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Old Style Netbooks
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ObjectID: 36891
Description Edit | History

User summary:

The roleplaying game community has always been active in producing fan materials to support and expand games and game rules. Since the earliest days of the hobby, computer systems have been used to compile, correct, update, and especially distribute fan-made products. Often, these products were collaborative in nature, accepting contributions from anyone who cared to contribute.

Throughout especially the 1990s, many fan-made and fan-compiled items were distributed as lightly-formatted ASCII or ANSI text files, sometimes DOC files, colloquially known as "netbooks". The quality of the materials presented varied widely, from nearly professional products to nearly unusable gobbledygook. Regardless of the quality, however, netbooks always demonstrated the love of the game - the game almost always being Advanced Dungeons & Dragons 2e.

The advent of the World Wide Web, desktop publishing, standardized advanced file formats, and formalized game materials distribution sites effectively ended the heyday of the ASCII netbook, though of course the DIY ethic in gaming continues to the present.

A widely circulated "Netbook of Books" served as a type of central index to the various extant items. It necessarily was incomplete and very occasionally contained dubious or contradictory information. An 11-page DOC version, archived in 2000, remains the best source of information about this fascinating corner of the hobby.

More Information Edit | History

Most of the items in this series have a complex publication history. It is common to find them in a variety of file formats (most usually, ASCII, HTML, DOC, RTF, and PDF); often the different formats are merely file type conversions from one format to another. It also is common to find these items in a variety of versions or editions, as each person who received them had the option of revising, reformatting, and otherwise tinkering with them - and then "re-publishing" them via whatever electronic means. It also was (unfortunately) fairly common for individuals to receive a file, swap out the author's name with their own name, and then re-publish the file.

Generally speaking, most of these items began as collaborative series of posts and responses on various electronic "bulletin board" (BBS) systems or on LISTSERV or USENET groups. These technologies would create the (semi-)standard ASCII versions. With the advent of the World Wide Web, most of these ASCII documents were ported to HTML and received a minor revision in formatting (and, often, content). Once file hosting services became widespread, the HTML documents tended to migrate toward discreet downloadable documents in, successively, DOC (most commonly indicating Word for Windows, version 6), RTF (Rich Text Format), or PDF (Portable Document Format). Many minor reformatted versions were created due to page size (e.g., US Letter vs. A4). Due to the nature of format conversions, the names of the individuals performing the conversions often are preserved (in file meta-data) while the names of the individuals authoring the products are, alas, lost.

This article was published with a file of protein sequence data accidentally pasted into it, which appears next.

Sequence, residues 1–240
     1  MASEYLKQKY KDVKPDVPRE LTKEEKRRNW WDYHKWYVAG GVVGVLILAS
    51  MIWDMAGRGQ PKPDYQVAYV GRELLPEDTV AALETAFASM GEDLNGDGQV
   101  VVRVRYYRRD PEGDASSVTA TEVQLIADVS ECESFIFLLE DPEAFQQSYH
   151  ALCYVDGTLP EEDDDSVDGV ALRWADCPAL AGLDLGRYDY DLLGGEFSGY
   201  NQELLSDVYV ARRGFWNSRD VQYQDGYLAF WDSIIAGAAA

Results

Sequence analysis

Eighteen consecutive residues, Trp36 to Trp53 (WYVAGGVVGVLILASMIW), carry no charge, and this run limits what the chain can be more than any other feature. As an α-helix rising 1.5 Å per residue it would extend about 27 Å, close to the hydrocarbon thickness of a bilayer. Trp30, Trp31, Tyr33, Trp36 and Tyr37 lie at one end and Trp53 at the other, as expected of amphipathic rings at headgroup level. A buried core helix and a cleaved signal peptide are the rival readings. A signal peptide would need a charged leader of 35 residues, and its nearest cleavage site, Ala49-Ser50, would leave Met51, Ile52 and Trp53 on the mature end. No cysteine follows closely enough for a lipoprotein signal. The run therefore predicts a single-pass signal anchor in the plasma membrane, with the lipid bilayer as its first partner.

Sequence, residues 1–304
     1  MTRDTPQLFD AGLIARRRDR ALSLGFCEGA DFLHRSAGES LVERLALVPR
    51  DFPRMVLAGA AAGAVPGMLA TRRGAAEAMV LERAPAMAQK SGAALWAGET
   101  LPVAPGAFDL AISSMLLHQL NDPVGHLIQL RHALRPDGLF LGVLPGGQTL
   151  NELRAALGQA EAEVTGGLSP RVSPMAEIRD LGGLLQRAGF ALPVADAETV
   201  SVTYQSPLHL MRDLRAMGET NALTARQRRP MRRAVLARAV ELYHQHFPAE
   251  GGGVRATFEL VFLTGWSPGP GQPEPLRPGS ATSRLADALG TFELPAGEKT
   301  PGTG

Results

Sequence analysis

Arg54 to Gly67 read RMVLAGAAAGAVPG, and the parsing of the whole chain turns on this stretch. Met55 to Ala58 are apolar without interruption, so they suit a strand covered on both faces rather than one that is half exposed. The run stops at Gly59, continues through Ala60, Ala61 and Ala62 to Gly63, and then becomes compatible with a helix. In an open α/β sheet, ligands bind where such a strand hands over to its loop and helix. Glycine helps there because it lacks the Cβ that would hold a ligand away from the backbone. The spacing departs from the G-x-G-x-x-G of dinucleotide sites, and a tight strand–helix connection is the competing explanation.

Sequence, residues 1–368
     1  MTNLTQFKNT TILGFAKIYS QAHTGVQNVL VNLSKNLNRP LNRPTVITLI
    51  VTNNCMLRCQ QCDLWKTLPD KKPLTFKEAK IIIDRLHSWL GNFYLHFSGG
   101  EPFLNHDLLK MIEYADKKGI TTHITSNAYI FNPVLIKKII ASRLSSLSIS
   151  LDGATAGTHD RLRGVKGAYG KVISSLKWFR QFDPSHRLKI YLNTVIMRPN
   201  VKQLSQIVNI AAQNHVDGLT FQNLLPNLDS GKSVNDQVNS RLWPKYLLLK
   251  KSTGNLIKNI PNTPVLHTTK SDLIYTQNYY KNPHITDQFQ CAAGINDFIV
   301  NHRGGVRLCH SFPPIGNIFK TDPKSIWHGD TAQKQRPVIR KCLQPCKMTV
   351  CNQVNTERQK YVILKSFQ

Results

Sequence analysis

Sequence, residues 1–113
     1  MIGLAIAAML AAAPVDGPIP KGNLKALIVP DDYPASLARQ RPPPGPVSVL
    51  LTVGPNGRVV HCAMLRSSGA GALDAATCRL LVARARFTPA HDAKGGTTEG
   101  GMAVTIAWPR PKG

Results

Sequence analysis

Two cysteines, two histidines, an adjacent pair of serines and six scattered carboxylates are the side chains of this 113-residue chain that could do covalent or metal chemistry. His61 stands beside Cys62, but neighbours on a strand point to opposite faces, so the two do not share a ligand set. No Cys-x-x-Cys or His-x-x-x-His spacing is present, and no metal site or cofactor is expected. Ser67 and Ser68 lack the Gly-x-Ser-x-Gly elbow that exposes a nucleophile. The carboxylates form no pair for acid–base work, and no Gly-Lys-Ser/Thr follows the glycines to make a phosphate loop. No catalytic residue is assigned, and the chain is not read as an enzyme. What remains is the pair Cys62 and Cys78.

The publication dates noted in these entries are approximately correct, but must be understood to have been derived from the best available evidence. This includes file dates, ZIP Archive dates, and so forth. Often, original posting dates to e.g. LISTSERV are preserved in the document's header. However, many (most?) of these products did not include internal dates or versioning, so their history must be "forensically recreated". Even those documents that do include internal dates and versioning are sometimes demonstrably in error - for example, documents utilizing and referring to a particular commercial product, with an internal date that precedes the publication of the product by some years.

Because bandwidth and storage space were precious commodities during the 1990s, it was a nearly universal practice to distribute files as compressed ZIP archives. Often, documents did not include graphics of any kind - if maps, etc., were provided they were generally provided as separate files in the same ZIP archive.

As a historical note, a wide variety of obsolescent file formats may be encountered. Graphic files usually were distributed as UUCP, PCX, BMP, WMF or GIF formats, gradually changing to PNG and JPG formats as those became more popular. Scenario files occasionally were distributed in PS (PostScript) format which must be rendered prior to use (usually into a PDF). Other formats occasionally encountered are WPS, WP5, WPD, etc. Compressed archives were not always ZIPs - ARJ, RAR, TAR, GZ, and other compression formats occasionally are encountered. Generally, modern tool suites can open these older formats - LibreOffice is particularly adept at utilizing them.

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